Welsh Labour Government 'funnelling people into McDonald’s' with draconian meal deal crackdown

A shopper in a supermarket and David TC Davies

A Government minister has warned shoppers will be 'funnelled into McDonald's'

PA / GB News
Ben Chapman

By Ben Chapman

Published: 28/06/2023

- 17:26

Restrictions will be placed on products high in fat, sugar and salt

Plans to discourage shoppers from buying products high in fat, sugar and salt are under fire from a Government minister.

The new plans, which are set to be introduced from as early as next year, will be seen in Wales as the country looks to tackle its “obesity crisis”.

Restrictions will be imposed on the placement and price promotion in shops on foods deemed too unhealthy.

It will dictate what items can be sold as part of volume-based promotions and multi-buys, such as buy-one-get-one-free and meal deals.

The Welsh Government, led by Labour’s Mark Drakeford, insisted in their announcement on Tuesday that meal deals will not be banned, but the unhealthiest products would no longer be offered as part of such deals.

The Secretary of State for Wales, David TC Davies, says the move is an affront on the rights of shoppers in Wales.

“Why shouldn’t people be able to choose what they have in their meal deals?” he asked on GB News.

“They’re only talking about doing this in supermarkets, so for example, someone like McDonald’s will still be able to offer a meal deal themselves, which is fine by the way, I like McDonald’s so no problem in that.


Man shopping in Tesco

Shoppers could be facing price hikes at supermarkets


“But it’s actually going to funnel people away from supermarkets and into McDonald’s and other places.

“There’s a lot of hypocrisy in this. Let people choose, that’s what I say.”

The new law will look to improve diets and help prevent obesity, with over 60 per cent of adults in Wales overweight and more than a quarter of children overweight or obese by the time they start school.

The Welsh government has argued that the public are broadly supportive of measures aiming to offering healthier options.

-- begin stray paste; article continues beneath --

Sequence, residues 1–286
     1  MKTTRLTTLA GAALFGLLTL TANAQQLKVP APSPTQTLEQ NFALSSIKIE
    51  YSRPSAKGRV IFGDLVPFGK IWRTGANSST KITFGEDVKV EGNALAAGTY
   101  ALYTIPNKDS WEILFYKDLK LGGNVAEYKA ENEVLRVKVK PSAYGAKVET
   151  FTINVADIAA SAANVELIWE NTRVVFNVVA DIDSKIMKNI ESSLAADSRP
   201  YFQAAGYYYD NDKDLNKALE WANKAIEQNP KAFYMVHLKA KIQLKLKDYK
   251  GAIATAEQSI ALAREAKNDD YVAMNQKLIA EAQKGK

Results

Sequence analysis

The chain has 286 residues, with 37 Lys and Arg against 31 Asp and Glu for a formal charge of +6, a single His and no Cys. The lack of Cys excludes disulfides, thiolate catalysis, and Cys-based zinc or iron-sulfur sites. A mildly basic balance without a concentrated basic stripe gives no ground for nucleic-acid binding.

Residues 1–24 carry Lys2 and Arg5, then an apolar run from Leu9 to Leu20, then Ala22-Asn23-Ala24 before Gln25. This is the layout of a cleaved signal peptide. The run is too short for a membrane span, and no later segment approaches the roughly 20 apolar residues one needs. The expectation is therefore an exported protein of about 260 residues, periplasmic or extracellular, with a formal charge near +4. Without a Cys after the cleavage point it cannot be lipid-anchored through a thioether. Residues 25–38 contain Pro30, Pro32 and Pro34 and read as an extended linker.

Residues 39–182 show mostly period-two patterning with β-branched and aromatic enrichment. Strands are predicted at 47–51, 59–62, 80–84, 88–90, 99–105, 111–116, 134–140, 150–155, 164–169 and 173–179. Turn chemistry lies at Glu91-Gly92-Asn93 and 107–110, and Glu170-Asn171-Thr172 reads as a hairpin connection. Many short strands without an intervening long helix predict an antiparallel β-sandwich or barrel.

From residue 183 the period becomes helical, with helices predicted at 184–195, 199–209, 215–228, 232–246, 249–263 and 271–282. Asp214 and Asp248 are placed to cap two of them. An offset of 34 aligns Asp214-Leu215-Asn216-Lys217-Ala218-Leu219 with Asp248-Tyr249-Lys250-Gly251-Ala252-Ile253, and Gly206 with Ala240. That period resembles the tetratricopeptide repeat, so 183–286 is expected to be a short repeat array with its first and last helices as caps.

In a Public Health Wales (PHW) survey called Time To Talk Public Health, 57 per cent of people agreed that governments should use financial tools like taxes to reduce sugar in foods with high levels.

If current trends continue, PHW believe obesity will cost the NHS in Wales more than £465million by 2050.

David TC Davies believes people should be exercising more in Wales as the country battles an obesity crisis.

“One of the answers is more exercise. I personally train every day”, he said.

Mark Drakeford

Drakeford is under more fire for the draconian measure


Pressed by Mark Longhurst and Pip Thomson over how people struggle for time to exercise during the cost of living crisis, he argued that financial issues will be further exacerbated by the imposition of food restrictions in Welsh shops.

“The cost of living crisis is going to be made worse by doubling the cost of having a snack at lunch time.

“Most meal deals are fine, I think. Let’s put the people out there and let people decide.

“We’re adults, surely we can decide for ourselves what is healthy and what isn’t.

“Who are the Welsh government to turn around and say, ‘you can’t have a packet of crisps with your sandwich, or a chocolate bar, or a can of Coke’, it’s not heroin or cocaine.

“We’re talking about allowing adults to make an informed decision themselves about what they can or cannot eat.”

Lynne Neagle, the deputy minister for mental health and wellbeing, said: “This legislation will take forward our commitment to improve diets and help prevent obesity in Wales.

“Whilst similar legislation is also being introduced in England, I am minded to include temporary price reductions and meal deals within our restrictions.

“We will not be banning any product or type of promotion, our aim is to rebalance our food environments towards healthier products, so that the healthy choice becomes the easy choice.

“Our next generation deserve a different ‘normal’ where healthier foods are more available, affordable and appealing, and high fat, sugar and salt foods are not a core part of our diet.”

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